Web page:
December 13, 2015 at 10:30 am #2465
As I have been applying to jobs and talking with companies it seems like six sigma has lost its strength. Companies use to provide six sigma training courses and black belt projects, but I haven’t really seen that to be the case any more. Has anyone seen otherwise in industry?December 14, 2015 at 1:03 am #2466
Hi Jenny, I have had quite the opposite experience when it comes to Six Sigma knowledge required by industry. I made it a point to apply to companies that proclaim themselves to be six sigma compliant and received a very good response. A few examples would be:
1. Mercury Marine: Wisconsin based manufacturer of Boat Engines. They have a global Six Sigma deployment team that is looking for Six Sigma Green and Black Belts. I got a chance to Co-op there.
2. Other companies would include Cummins, the Automotive majors,3M, etc. In fact, even consulting companies are looking for people experienced in Six Sigma concepts for their Operations practices.
Hope this helps with your job search!December 14, 2015 at 9:36 am #2469
According to my internship experience at Inalfa roof system last summer, six sigma is still an emphasis on the manufacturing side, especially among quality control side, there are plenty of six sigma graphs posted on the wall to inform the workers how our progress is going on.December 14, 2015 at 9:36 am #2470
I also would have to disagree with you. I interned for a company last summer and we regularly provided six sigma training and workshops for all employees. Also, many of the companies I have interviewed with have asked specifically if I have any six sigma background, so I think it is something you shouldn’t gloss over, it is very important knowledge to have, especially in manufacturing.December 16, 2015 at 8:42 am #2494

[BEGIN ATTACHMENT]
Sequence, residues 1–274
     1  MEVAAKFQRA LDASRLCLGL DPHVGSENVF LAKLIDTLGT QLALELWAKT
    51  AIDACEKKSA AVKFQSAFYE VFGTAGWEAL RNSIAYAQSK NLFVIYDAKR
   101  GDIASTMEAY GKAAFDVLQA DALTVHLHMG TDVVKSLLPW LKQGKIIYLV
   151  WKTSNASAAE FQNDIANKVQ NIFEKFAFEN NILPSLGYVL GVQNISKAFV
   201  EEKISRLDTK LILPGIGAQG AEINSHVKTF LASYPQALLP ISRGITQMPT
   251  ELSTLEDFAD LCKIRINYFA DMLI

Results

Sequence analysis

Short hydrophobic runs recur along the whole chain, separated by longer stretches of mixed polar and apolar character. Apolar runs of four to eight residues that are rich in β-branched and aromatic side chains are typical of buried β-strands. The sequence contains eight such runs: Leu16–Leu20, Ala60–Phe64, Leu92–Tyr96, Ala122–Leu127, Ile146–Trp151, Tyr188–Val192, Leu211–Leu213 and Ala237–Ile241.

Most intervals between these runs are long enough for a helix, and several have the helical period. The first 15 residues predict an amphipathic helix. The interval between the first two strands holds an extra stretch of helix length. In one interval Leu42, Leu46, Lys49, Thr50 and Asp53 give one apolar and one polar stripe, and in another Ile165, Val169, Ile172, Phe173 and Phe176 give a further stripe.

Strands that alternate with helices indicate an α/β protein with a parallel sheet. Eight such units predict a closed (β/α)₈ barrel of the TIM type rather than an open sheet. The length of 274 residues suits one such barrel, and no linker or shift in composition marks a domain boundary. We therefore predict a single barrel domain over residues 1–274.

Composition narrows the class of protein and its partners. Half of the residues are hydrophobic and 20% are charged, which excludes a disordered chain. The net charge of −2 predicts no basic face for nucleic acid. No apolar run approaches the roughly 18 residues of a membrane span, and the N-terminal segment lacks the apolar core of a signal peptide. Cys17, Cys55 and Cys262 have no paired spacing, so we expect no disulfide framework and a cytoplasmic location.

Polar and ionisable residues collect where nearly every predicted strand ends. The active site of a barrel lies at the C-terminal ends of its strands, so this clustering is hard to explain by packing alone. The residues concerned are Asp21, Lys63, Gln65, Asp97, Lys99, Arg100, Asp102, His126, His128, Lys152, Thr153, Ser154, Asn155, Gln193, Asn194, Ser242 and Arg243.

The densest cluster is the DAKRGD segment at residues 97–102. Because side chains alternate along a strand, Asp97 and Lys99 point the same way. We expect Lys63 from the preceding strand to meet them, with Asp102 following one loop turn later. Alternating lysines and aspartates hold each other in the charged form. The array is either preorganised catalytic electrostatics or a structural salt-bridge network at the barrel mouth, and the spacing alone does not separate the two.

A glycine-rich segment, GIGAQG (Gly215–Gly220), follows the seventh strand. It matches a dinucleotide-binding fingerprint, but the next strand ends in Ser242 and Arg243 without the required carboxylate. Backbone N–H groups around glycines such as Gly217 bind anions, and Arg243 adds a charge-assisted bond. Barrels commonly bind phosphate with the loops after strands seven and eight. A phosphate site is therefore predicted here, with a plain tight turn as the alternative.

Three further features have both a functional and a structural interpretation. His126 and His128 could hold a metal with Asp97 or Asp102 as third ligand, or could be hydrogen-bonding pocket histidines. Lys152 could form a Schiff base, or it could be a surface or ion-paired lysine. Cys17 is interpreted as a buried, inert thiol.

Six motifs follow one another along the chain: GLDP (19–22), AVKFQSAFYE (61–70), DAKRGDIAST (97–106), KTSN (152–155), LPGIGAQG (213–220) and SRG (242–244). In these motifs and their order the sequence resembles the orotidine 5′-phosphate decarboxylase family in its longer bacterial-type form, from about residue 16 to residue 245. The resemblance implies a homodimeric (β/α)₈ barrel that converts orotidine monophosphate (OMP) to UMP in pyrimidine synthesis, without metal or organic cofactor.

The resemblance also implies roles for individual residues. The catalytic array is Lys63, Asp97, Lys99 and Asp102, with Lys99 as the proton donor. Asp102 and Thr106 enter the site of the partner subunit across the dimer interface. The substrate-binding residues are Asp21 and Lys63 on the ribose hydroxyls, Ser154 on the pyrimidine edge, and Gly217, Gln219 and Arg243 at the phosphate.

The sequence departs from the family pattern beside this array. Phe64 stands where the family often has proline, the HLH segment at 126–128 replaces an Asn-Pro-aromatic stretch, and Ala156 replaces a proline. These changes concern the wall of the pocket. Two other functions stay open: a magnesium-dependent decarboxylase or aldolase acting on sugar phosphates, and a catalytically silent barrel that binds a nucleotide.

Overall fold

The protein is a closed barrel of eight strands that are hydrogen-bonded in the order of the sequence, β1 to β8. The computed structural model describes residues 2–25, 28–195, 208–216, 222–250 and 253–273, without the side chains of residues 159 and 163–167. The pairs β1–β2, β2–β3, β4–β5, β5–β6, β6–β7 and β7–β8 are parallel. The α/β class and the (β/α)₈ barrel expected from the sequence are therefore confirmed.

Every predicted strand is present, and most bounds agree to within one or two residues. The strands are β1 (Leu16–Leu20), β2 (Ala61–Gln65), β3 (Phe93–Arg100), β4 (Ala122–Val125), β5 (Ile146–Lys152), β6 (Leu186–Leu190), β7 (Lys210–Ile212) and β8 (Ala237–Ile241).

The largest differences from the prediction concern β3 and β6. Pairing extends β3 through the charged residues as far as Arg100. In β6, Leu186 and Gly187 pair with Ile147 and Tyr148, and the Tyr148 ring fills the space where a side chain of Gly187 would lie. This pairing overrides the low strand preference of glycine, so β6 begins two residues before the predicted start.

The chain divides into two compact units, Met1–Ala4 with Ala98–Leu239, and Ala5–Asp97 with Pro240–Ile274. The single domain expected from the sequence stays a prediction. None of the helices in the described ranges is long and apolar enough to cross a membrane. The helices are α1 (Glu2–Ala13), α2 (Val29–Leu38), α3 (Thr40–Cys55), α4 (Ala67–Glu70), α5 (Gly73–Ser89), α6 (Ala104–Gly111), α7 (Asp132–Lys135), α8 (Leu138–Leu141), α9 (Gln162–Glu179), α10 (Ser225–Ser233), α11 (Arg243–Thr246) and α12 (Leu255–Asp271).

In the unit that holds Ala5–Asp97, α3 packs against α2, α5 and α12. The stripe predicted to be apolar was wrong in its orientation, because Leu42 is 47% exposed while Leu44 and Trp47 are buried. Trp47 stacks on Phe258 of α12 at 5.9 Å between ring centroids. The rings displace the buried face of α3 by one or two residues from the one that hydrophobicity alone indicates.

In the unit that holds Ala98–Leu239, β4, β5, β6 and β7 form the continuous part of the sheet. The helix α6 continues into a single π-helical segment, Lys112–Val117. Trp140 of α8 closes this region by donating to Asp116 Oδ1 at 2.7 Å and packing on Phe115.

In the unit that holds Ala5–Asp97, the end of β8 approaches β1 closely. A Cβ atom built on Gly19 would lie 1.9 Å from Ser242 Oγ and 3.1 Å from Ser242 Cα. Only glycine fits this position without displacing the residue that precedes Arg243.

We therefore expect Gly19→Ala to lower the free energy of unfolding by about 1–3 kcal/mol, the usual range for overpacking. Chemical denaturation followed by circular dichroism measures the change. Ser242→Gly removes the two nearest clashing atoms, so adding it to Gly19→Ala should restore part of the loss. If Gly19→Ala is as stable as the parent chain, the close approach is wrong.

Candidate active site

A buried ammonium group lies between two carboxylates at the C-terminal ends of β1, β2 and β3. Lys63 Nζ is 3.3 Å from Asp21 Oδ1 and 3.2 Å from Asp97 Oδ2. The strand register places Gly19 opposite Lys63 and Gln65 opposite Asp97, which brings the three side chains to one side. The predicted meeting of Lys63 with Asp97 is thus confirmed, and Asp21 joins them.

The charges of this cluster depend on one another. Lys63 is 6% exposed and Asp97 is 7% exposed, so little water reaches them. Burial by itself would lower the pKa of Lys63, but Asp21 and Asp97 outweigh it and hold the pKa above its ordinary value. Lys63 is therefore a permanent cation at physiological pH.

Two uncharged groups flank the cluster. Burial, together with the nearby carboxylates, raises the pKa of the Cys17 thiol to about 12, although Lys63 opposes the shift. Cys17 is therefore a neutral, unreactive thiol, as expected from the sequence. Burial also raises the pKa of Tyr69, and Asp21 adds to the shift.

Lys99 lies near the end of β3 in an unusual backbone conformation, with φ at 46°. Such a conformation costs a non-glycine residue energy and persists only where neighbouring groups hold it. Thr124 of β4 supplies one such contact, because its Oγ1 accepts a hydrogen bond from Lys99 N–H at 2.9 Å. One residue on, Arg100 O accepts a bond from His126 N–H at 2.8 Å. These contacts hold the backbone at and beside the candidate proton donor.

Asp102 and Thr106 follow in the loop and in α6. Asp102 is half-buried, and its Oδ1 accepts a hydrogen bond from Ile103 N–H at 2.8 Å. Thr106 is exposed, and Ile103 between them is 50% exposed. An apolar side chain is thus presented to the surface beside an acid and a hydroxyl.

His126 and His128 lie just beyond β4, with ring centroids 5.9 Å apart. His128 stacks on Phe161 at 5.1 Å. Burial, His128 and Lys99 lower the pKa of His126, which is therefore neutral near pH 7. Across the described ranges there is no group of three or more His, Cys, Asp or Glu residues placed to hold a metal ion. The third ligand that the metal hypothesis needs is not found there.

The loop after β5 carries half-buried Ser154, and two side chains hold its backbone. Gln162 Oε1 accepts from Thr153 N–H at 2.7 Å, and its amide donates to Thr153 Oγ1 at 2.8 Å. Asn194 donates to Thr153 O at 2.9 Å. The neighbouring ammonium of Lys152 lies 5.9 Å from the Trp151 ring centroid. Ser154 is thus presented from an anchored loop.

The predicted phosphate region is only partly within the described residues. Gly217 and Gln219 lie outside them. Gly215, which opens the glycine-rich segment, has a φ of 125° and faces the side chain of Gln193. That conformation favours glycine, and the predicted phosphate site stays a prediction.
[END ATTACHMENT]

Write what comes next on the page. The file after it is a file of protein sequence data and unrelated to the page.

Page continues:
Jagadish Kumar ChandrasekaranParticipant
Jenny – I agree with the fact that many companies have stopped giving six sigma training. Companies have started to realize that industrial engineers have already learnt courses related to six sigma in college and hence are not providing any additional training. As Nicole pointed out six sigma knowledge is still important and would be extremely useful in manufacturing companies.
Good Luck with your job search!December 16, 2015 at 9:52 am #2495
I partially agree to your point Jenny Demeulus. For example, in a manufacturing setting six sigma was mostly concentrated on reducing defective units produced by machines. Long before manufacturing operations were based on human skills to to attain perfection and six sigma was widely used to correct the errors in the machine even if the operator operating procedure was correct. In the same time if a process needs to be further improved more resource have to be poured in to make any improvement.
But with advancement in technology, for instance the machining centers manufactured nowadays have precision to produce parts with aircraft tolerance. They are even are provided with a probe that measures part dimension right immediately after machining and if there is any deviation from normality it is signaled to the operator and the machine positioning is adjusted instantly. So variations are corrected instantly. This saves resource and time.
So companies in recent days have started to look for individuals who can bring real change to the process not just by improving it, but how efficiently it can be performed. Companies now believe in low cost automation and reduced usage of human force to achieve the same quality that could be achieved with six sigma.December 17, 2015 at 12:48 am #2498
Rakesh Sasidharan PillaiParticipant
There was an article on this subject in Quality Digest (or some other publication I can’t remember correctly) some time ago. The reason for this notion that they gave was that the big practitioners of the concept have reduced training on Six Sigma. However, I think it is still a skill worth to have.
During my job search, for any profile related to manufacturing, I was asked if I had a green belt. The company I am going to work for, has a formal Black Belt training program. I have seen that automotive industry is still serious about Six Sigma. But the widespread application in other fields have come down, I think.April 27, 2016 at 1:54 pm #2663